The Chinese vehicle market surprised analysts with a 26.1% growth rate (to 2.56m units) in September, although the outlook is clouded by the planned expiry of a tax incentive for car purchase.
September was the fifth straight month of double-digit acceleration in vehicle sales. The market is some 13.1% ahead of last year in the first nine month of the year. However, analysts say the market is enjoying some pull-forward of purchases ahead of the expiry of a tax break (introduced to shore up car demand in the face of China's economic slowdown).
Deliveries of passenger vehicles saw a 29% year-on-year surge to 2.27m sales in September.
The China Association of Automobile Manufacturers (CAAM) has warned of a steep drop in growth if a tax cut on small engine cars is allowed to expire – as planned – in December. The trade association also revised its forecast for vehicle market growth this year to 7% (was 6%). It also said that the end of the tax break could mean that the market sees a maximum of 2% growth in 2017.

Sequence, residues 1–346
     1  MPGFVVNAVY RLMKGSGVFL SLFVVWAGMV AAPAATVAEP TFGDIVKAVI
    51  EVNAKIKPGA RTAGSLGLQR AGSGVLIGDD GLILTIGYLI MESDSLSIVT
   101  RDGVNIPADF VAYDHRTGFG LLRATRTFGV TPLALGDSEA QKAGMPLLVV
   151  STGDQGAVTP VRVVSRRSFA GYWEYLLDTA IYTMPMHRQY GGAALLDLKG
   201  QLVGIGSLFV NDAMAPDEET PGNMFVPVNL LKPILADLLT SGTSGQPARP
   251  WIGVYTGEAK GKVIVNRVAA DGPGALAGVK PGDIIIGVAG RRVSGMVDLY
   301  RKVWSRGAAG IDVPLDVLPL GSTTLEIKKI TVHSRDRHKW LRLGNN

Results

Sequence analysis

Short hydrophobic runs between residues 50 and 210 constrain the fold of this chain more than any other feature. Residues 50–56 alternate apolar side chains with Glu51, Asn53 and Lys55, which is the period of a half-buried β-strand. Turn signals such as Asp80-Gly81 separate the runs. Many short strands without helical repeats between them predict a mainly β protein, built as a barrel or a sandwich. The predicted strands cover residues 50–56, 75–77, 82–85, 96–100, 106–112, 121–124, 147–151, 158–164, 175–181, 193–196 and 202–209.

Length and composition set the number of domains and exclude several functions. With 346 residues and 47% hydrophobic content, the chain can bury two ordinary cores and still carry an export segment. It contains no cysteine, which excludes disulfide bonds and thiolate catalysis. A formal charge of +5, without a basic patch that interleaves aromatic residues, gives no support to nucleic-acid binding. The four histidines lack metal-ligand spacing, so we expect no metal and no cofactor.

CAAM association Vice-Secretary Shi Jianhua told reporters that retaining the tax cut would result in growth to the vehicle market of 6-7% next year.
"If the tax cut policy is not extended, this year there may be a rush to buy, it will subtract from next year's sales," Shi told Reuters.
SUV sales grew at 46% in September and SUVs delivered by domestic carmakers for the first nine months of the year were up by more than half to 3.37m.
Just 44,000 new energy vehicles were delivered to the country's dealers in September, a much slower rate of sales than recent months. Analysts say a crackdown on subsidies fraud by the government is responsible for the slowdown in the segment.